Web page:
On accountability, he was just as relentless. He set the vision for the company and pursued it with passion, being his own worst critic. He used continuous feedback from within Apple and customers to improve products to reach new standards. Demonstrating accountability to his teammates and customers. His methods and the fervor with his approach invite much criticism. However, there has never been any doubt – he cared.

Now put yourself to the test. Take time to reflect and provide specific examples on the following questions:

  • How committed am I to the details of the organization I lead?
    • My vision, my work, my teammates, and my customers
  • What is the depth of my accountability for my vision and work to:
    • My self, my teammates, and my customers

Consider receiving feedback by using the above questions as a 360-degree evaluation. Have your teammates and customers answer the same questions as you just did. Does the thought of asking and receiving this feedback make you nervous? Consider this: everyone except you already knows the answers. It will show your commitment and increase the depth of your accountability. Take the risk and get the feedback. It shows – you care.

On this Martin Luther King Day it is good to reflect on those who had an impact on you.

Is there a mentor that has affected your development as a leader? If you are a true leader you likely have had at least one. It is also likely that your mentor provided guidance, advice, and an example for you through a close comfortable relationship.

Now reflect on the individual that has had the most profound impact on your growth as a leader.

  • Was that a close comfortable relationship?
  • Were their words always encouraging?
  • Did the individual present challenges, conflict, and push you to struggle?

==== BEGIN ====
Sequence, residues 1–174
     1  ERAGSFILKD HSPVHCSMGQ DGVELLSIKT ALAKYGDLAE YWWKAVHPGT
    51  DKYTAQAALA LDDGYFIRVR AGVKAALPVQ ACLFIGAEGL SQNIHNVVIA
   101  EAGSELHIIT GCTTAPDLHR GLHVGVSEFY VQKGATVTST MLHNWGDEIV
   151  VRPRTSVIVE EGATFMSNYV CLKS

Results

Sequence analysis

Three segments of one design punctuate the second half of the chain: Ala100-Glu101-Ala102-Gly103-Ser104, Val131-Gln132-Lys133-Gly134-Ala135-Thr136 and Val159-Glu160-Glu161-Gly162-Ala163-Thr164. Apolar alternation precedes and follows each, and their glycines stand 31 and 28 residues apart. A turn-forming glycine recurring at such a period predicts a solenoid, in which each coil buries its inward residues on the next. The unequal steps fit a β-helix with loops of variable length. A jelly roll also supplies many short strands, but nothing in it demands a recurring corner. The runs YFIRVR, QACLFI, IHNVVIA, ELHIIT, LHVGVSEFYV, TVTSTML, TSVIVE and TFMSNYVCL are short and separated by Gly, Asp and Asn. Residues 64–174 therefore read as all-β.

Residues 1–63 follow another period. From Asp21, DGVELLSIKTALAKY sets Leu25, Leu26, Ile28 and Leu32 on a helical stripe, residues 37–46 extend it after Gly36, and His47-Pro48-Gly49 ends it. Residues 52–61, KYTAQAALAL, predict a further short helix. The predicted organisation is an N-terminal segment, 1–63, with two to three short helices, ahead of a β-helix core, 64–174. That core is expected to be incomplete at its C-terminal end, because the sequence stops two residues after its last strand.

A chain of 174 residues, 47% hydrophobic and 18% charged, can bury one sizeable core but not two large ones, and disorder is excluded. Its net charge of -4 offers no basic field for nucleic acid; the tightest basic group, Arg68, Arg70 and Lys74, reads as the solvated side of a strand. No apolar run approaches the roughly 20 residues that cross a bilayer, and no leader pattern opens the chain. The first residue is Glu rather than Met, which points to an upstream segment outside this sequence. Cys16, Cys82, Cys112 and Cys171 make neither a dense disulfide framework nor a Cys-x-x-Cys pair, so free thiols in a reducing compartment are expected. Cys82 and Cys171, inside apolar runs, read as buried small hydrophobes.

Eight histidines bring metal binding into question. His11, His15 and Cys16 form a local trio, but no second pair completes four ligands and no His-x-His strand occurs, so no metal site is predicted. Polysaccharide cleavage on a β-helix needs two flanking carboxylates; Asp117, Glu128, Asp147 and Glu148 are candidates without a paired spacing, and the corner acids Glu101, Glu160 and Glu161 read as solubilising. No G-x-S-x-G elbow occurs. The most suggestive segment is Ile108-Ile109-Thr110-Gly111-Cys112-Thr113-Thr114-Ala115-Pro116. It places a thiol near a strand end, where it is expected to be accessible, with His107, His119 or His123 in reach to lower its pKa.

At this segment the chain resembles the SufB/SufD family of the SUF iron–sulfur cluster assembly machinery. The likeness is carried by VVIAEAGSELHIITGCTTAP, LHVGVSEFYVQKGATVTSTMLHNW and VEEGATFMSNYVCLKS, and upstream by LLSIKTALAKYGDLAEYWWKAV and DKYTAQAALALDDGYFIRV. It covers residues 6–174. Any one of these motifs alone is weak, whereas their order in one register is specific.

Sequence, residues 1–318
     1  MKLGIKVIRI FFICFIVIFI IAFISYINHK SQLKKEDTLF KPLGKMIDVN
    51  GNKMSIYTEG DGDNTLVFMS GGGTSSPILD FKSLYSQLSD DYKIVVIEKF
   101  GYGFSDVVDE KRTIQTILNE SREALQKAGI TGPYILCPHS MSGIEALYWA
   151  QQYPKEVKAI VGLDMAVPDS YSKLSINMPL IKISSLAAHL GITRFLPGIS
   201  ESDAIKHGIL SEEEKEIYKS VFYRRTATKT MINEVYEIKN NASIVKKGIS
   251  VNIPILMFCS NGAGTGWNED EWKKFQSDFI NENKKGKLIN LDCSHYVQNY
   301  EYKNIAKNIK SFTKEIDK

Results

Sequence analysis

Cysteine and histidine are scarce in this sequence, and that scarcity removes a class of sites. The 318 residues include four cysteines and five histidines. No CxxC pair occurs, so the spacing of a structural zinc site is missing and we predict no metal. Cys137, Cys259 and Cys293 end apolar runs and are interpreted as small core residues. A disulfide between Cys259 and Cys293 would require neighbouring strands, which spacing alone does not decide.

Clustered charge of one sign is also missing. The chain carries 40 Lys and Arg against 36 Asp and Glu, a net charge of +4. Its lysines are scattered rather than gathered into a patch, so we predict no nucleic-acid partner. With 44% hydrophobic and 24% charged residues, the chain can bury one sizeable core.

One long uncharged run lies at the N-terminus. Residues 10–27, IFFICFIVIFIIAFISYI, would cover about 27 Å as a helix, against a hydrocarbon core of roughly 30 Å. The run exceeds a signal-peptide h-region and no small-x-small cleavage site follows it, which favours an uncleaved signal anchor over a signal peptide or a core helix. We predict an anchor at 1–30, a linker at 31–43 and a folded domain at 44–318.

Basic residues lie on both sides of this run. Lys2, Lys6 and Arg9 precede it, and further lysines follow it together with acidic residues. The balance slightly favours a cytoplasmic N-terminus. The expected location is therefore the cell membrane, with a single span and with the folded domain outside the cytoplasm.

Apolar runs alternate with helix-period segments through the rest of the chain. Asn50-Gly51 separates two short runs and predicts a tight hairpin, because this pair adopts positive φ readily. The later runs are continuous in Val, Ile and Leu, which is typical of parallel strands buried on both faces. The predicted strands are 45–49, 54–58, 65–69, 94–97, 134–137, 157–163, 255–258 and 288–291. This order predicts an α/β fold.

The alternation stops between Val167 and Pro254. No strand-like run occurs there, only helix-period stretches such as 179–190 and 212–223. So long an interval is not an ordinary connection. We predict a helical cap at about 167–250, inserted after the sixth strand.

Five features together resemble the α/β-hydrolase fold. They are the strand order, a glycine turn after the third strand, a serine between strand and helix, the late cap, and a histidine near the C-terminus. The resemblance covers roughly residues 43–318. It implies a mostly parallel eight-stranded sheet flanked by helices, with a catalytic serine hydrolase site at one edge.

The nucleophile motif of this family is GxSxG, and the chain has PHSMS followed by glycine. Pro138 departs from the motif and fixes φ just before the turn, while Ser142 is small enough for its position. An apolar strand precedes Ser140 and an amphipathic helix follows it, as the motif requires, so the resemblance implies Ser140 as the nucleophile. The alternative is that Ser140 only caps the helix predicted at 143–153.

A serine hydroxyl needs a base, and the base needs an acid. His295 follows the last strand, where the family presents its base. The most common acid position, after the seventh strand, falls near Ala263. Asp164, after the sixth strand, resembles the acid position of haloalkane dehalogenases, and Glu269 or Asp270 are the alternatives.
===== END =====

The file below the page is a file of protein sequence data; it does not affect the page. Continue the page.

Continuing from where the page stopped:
If your definition of a mentor is one who fosters your growth as a leader, look around and you may find some atypical mentors pushing you to new heights. Whether the relationship is close and comfortable or formal and edgy, accept the lessons they provide and thank them.


If you were asked “Do you have specific moral principles that guide you as a leader?” The inevitable answer would be: “Of course I do.” I bet you would probably be able to rattle off a list. But what does that mean? Recollect the most challenging moral dilemma you were faced with in your professional career. Now reflect on the following:

  • How were my moral principles applied in the event?
  • Was I flexible with my principles?
  • What did I learn about my principles and myself?

As a leader you must have a vision for your future. However, for that vision to guide you it must be something you can achieve and it must be yours. Individuals with good intentions constantly attempt to shape us. Unintentionally we adopt the dreams that others have for us. Take the time to reflect and answer to the following questions:

  • How realistic is my current vision?
  • What percentage of my current vision is truly mine?

Setting the end state of where you want to be is the key to your growth as a leader.